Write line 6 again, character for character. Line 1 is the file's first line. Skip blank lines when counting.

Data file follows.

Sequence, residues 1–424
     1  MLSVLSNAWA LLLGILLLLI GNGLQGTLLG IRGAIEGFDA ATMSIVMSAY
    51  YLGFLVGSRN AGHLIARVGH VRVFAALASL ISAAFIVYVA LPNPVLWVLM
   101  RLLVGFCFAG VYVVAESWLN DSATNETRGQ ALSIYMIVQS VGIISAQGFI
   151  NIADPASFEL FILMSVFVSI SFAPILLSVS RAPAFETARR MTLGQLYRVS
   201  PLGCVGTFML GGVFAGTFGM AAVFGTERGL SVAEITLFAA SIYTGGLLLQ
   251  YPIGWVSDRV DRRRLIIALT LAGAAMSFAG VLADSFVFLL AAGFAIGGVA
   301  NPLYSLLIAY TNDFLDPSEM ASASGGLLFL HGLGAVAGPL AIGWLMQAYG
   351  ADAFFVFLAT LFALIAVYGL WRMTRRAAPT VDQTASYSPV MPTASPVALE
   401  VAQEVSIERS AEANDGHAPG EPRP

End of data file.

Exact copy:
   201  PLGCVGTFML GGVFAGTFGM AAVFGTERGL SVAEITLFAA SIYTGGLLLQ